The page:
Injectable contraceptives are predominantly given as progestagen-only depot preparations—notably, depot medroxyprogesterone acetate (DMPA, Depo-Provera)—although a small proportion contain both oestrogen and progestagen . Despite their approval for use in over 100 countries and their widespread use since the 1960s, particularly in low income countries, evidence regarding the relationship between injectable progestagen-only contraceptives and cancer is limited . The data that are available indicate no material difference in the effect on breast cancer risk between combined oral contraceptives and injectable progestagens –, suggesting that injectable contraceptive use is likely to increase risk. However, in studies to date, the individual relative risk estimates for breast cancer in users of injectable contraceptives exclusively are not significantly increased –. Pooled data on cervical cancer, published in 2007, indicate an increase in risk with injectable progestagen use for 5 y or more . The worldwide evidence regarding injectable progestagen-only contraceptives indicates a reduction in the risk of endometrial cancer in users ,, and no significant effect on ovarian cancer ,, but these findings are based on small sample sizes –. Moreover, since some women use both combined oral contraceptives and injectable progestagens during their lifetime, there are difficulties establishing the independent effects of injectable progestagen contraceptives on cancer risk. The most recent assessment from the International Agency for Research on Cancer was in 1999 and hence included much of the relevant data on breast, ovarian, and endometrial cancer, but not the 2007 data on cervical cancer; it concluded that there was inadequate evidence in humans for the carcinogenicity of progestagen-only contraceptives .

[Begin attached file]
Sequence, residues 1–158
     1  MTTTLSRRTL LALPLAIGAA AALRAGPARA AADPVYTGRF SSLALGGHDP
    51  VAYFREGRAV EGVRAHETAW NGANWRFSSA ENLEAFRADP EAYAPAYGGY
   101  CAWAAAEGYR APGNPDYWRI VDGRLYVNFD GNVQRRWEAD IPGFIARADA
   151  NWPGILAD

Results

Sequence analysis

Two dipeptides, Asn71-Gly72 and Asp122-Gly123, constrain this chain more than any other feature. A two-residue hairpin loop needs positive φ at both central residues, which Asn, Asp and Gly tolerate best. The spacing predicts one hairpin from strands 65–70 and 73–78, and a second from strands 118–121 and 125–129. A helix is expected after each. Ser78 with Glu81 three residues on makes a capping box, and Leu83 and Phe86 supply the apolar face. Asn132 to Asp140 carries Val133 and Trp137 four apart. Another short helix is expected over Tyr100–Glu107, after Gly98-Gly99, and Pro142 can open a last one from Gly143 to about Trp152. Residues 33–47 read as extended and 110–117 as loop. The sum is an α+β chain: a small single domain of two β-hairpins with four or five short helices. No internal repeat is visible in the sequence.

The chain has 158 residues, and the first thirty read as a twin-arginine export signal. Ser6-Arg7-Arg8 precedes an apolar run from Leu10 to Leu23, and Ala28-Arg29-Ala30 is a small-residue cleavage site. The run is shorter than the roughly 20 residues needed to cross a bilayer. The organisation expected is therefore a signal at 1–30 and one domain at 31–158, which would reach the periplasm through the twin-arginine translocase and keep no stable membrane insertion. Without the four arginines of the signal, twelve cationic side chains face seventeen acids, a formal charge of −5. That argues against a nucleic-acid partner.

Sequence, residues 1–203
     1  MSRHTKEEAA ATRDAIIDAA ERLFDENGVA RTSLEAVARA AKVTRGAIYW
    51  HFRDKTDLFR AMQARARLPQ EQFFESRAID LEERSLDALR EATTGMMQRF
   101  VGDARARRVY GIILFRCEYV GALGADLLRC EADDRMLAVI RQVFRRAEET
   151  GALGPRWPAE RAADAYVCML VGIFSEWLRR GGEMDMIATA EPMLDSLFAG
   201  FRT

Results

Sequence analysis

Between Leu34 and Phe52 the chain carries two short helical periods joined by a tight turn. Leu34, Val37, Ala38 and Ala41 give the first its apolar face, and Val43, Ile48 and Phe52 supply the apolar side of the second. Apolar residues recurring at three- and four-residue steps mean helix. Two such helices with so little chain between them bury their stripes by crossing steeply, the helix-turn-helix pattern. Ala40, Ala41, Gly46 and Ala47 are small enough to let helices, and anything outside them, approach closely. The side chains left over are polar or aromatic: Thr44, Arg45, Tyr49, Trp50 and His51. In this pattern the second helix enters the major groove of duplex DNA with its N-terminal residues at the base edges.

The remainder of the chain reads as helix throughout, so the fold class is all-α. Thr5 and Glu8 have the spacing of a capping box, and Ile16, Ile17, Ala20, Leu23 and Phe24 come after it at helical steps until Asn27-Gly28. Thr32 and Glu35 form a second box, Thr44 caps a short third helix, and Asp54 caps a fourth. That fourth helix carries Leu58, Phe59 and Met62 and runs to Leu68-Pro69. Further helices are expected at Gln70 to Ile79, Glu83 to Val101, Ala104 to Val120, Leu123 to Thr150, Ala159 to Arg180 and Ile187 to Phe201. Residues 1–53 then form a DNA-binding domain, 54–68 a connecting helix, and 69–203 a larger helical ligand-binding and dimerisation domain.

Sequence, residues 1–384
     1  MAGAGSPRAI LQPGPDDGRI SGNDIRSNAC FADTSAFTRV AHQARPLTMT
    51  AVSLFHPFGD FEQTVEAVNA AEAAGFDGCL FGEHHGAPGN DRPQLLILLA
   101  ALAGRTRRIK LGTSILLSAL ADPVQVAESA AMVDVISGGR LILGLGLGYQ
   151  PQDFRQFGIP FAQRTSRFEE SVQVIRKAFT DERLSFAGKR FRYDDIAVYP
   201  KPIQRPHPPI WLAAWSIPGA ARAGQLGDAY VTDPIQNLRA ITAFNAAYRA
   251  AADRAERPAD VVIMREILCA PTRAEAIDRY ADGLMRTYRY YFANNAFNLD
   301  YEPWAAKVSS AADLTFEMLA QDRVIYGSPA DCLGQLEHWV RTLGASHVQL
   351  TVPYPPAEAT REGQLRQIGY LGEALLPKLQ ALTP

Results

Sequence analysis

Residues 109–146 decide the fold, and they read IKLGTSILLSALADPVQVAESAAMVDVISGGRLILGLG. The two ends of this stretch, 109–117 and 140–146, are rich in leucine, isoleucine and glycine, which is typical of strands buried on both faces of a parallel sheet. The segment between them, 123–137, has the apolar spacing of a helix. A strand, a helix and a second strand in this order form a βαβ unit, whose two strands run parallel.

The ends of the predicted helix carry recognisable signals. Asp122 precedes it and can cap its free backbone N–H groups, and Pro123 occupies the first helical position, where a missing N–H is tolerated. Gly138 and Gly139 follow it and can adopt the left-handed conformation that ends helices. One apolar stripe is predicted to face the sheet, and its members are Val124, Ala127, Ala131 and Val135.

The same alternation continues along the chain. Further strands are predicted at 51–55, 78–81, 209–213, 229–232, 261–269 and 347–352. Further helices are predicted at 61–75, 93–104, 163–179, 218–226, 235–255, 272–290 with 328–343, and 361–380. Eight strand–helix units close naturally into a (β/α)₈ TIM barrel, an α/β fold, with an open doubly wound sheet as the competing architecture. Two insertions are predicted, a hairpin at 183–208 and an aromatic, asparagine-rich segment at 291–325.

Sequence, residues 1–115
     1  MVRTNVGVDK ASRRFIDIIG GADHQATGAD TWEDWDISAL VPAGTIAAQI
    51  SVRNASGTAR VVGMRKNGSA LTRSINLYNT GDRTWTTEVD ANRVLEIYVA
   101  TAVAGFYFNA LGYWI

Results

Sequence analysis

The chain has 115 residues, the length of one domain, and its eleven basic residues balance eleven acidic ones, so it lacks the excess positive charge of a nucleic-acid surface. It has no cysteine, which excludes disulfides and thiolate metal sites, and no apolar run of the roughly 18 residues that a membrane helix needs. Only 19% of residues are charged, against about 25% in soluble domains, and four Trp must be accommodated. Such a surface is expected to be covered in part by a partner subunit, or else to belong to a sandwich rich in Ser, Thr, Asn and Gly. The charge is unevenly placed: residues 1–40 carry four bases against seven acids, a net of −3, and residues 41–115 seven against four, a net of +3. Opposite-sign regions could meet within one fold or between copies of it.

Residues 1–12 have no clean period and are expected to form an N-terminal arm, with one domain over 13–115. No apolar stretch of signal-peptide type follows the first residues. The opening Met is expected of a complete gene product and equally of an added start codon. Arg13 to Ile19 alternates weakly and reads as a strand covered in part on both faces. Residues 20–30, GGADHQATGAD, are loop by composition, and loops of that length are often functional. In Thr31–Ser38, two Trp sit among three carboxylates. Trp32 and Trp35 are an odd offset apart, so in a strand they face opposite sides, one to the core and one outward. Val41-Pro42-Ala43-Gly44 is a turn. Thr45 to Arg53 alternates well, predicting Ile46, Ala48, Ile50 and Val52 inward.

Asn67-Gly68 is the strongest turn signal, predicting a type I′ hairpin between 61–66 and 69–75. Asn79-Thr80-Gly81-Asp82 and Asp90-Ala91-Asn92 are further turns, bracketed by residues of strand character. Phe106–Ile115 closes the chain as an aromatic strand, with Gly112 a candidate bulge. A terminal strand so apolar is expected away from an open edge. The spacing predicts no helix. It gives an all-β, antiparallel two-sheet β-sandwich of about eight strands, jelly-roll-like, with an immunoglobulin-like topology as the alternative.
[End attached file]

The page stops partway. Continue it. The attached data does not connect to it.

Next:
In South Africa, injectable progestagen-only contraceptives have been used more commonly, and for longer durations, than anywhere else in the world ,,. The current analysis was based on data from a large-scale hospital-based case–control study of all cancer types in Johannesburg, South Africa –. The objective was to investigate the relationship between use of oral and injectable hormonal contraceptives and cancers of the breast, cervix uteri, ovary, and endometrium.
The study was approved by the University of the Witwatersrand Human Research Ethics Committee (Medical).
This study uses an established case–control design for cancer epidemiology studies done in resource-limited settings, where cases are individuals with the cancer of interest and controls are individuals with other cancers that are not associated with the exposure under investigation –. This approach has the advantage, in such settings, of minimising possible referral bias, which could result if controls without cancer and/or with other conditions were selected, in which case there might be underlying differences in the access to care of cases and controls (see Discussion). To guard against the possibility that some hitherto undescribed association between oral and injectable contraceptive use and a control cancer could materially influence the main results, sensitivity analyses were conducted systematically excluding specific cancer types from the control group.